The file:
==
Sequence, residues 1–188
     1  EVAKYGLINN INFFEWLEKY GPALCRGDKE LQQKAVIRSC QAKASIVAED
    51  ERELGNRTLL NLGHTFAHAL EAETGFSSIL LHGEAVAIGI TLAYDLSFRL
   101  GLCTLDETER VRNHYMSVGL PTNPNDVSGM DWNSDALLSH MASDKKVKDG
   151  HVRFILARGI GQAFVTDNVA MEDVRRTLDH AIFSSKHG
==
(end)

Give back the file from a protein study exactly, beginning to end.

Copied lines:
Sequence, residues 1–188
     1  EVAKYGLINN INFFEWLEKY GPALCRGDKE LQQKAVIRSC QAKASIVAED
    51  ERELGNRTLL NLGHTFAHAL EAETGFSSIL LHGEAVAIGI TLAYDLSFRL
   101  GLCTLDETER VRNHYMSVGL PTNPNDVSGM DWNSDALLSH MASDKKVKDG
   151  HVRFILARGI GQAFVTDNVA MEDVRRTLDH AIFSSKHG